An online retailer provides a centralized payment process: the payment (or an authorization to withdraw) is first received from the buyer and then is transferred (or is withdrawn from the buyer account) to the seller via the retailer when the purchased item is delivered.
How to decentralize the payment process with the blockchain technology? That is how to replace the centralized retailer organization which serves as a trusted third party to transfer the payment from the buyer to the seller?
The challenges to address are:
- how to ensure the seller that the buyer is willing to purchase?
- who is responsible for transferring the payment to the seller?
- how to manage item delivery failures?
The basic principle of an escrow contract is to hold the payment transferred by the buyer and to relase it to the seller when the delivering process is achieved.
The purchase process starts when the buyer creates the escrow contract and transfers or the payment to it (ie. funds it). The seller is notified thanks to a dedicated contract indexer. A contract indexer is an off-chain permanent process that monitors and analyses newly created contracts.
At this stage the seller may abort the contract for any reason, typically when the retailing web page is not synchronized with the seller's reality (out of stock situation, change in price, and so on):
- if aborted by the seller, the escrow contract transfers the payment back to the buyer
- if accepted by the seller, then transit of the purchased item may occur
The next step is to transfer the payment to the seller when the item is delivered. For simplicity purpose, we consider the item is properly delivered. The situation of delivery failure is addressed in the discussion section below.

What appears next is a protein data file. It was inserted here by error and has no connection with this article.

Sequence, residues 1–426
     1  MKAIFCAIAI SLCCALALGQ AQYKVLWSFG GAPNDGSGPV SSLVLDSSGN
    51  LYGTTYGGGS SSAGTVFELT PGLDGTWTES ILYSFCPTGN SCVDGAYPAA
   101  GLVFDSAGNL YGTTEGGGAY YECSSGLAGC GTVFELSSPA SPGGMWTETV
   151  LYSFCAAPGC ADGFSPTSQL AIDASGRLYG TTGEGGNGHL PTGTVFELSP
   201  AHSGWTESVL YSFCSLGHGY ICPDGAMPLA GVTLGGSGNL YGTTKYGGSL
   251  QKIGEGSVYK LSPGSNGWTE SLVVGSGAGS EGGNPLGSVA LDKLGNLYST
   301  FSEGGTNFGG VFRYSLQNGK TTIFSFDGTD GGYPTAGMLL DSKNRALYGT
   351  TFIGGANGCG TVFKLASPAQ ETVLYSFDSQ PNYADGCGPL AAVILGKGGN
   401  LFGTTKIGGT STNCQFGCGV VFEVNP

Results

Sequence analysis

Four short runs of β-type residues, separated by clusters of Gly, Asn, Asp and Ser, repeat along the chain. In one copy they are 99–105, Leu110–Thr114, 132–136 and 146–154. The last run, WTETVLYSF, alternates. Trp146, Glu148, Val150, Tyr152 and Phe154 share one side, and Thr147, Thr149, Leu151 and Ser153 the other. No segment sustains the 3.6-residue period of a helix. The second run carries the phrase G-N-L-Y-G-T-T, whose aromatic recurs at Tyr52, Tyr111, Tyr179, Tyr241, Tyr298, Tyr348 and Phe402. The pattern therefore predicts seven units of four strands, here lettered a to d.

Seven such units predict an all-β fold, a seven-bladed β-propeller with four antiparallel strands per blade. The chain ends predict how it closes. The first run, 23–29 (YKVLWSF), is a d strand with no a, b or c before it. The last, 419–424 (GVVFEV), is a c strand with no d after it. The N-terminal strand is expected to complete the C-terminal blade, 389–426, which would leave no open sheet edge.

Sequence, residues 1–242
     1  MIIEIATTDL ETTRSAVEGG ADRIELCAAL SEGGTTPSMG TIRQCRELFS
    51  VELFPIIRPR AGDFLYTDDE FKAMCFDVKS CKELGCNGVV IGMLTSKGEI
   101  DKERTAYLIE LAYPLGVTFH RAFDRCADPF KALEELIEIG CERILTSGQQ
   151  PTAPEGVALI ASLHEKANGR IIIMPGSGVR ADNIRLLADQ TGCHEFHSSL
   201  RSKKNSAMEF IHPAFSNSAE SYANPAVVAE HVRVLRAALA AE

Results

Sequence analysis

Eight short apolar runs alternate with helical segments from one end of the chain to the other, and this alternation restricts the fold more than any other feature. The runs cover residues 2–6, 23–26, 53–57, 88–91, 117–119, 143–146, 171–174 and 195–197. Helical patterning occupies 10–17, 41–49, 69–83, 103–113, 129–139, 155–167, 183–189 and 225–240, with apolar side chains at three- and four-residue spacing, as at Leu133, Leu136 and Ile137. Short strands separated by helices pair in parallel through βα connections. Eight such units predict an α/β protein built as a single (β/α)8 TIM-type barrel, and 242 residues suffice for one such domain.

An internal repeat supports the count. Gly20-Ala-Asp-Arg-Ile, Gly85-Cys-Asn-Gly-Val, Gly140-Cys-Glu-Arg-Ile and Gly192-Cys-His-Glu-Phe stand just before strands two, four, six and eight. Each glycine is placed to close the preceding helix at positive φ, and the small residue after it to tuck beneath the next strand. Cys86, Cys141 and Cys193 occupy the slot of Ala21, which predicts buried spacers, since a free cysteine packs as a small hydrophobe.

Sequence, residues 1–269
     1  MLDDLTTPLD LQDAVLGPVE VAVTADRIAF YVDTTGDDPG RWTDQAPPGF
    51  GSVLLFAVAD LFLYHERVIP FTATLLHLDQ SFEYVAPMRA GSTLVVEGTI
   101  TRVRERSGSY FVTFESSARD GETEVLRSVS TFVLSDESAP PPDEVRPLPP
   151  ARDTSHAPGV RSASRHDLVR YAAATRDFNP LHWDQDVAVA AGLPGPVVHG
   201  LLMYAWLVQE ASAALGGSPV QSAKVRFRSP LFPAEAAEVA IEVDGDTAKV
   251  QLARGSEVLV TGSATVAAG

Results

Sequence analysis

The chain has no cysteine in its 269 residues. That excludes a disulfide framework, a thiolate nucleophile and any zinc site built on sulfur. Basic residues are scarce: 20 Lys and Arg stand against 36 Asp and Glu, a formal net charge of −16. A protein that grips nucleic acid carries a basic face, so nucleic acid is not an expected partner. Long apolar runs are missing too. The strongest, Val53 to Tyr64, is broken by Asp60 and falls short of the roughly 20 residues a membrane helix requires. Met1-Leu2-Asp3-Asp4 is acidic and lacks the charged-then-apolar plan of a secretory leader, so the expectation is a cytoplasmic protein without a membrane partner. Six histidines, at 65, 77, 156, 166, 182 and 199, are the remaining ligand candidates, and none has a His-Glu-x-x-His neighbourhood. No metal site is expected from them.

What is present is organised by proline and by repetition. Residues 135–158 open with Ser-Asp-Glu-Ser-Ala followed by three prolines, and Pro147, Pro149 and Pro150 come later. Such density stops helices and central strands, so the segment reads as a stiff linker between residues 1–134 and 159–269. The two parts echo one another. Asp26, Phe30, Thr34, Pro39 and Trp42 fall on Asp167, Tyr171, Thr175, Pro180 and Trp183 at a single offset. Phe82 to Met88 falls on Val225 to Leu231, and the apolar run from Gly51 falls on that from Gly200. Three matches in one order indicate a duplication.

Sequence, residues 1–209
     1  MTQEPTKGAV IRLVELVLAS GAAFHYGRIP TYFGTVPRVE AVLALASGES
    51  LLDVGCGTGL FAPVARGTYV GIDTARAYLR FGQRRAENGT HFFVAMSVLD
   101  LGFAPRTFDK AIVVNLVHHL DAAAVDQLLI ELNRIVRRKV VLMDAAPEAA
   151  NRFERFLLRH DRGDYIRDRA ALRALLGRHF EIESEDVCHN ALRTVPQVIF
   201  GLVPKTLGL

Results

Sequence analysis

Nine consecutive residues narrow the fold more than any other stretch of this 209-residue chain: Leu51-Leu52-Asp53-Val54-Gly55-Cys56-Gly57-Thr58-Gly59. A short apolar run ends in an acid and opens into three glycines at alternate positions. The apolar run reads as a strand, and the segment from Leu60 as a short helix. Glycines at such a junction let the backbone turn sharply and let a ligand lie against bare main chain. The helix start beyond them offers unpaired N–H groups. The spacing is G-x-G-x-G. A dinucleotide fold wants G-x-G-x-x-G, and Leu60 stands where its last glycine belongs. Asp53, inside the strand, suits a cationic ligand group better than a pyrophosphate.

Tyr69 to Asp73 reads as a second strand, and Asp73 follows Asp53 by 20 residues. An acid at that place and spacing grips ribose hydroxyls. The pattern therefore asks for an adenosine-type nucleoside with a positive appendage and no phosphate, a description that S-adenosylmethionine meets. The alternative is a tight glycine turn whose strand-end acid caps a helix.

Ideally the buyer transfers the payment to the seller when the item is delivered. However what does prevent the buyer from not transferring the payment?
In order to address this issue, the idea is to create a security deposit that is transferred at contract creation. In this DApp the security deposit is 110% of the item price. That is that in order to purchase a 100ꜩ item, a total transfer of 210ꜩ is required. In order to get back the security deposit, the buyer has to transfer the payment to the seller.
The figure below illustrates the main payment process:
- contract origination and funding with payment and security deposit
- seller accepts the contract (with
acceptcontract entry point)
- buyer finalizes the contract (with
finalizecontract entry point):
- payment is transferred to seller
- security deposit is transferred back to buyer
The DApp architecture is 4-tier:
- escrow smart contract
- off-chain retailing web pages and content servers
- off-chain contract indexer
- off-chain seller's back office
For simplicity purpose, the contract indexer and seller back office interface are not provided in this DApp example.
The main operational benefit is the cost reduction due to the absence of centralized process. Plus the orginiation (deployment) and operation costs of the smart contract are very low.
Moreover the payment process is transparent since transfer rules are publically available as the smart contract execution code.
The payment process presented here does not handle the failure of delivery: indeed if the item is not delivered, the buyer cannot transfer payment, nor abort it (because the seller has sent the item).
In order to fix that, we need the delivery thrid party to ensure the payment process in case of failure: the delivery third party is given the authority to abort the payment and funds the contract with a insurance deposit; this deposit is transferred to the seller in case of delivery failure, and paid back to the delivery third party when the buyer finalizes the process, as illustrated below:
- the delivery third party (DTP) transfer the insurance deposit once the escrow is accepted by the seller
- 3 transfers when the delivery fails: buyer is paid back and insurance deposit is transferred to seller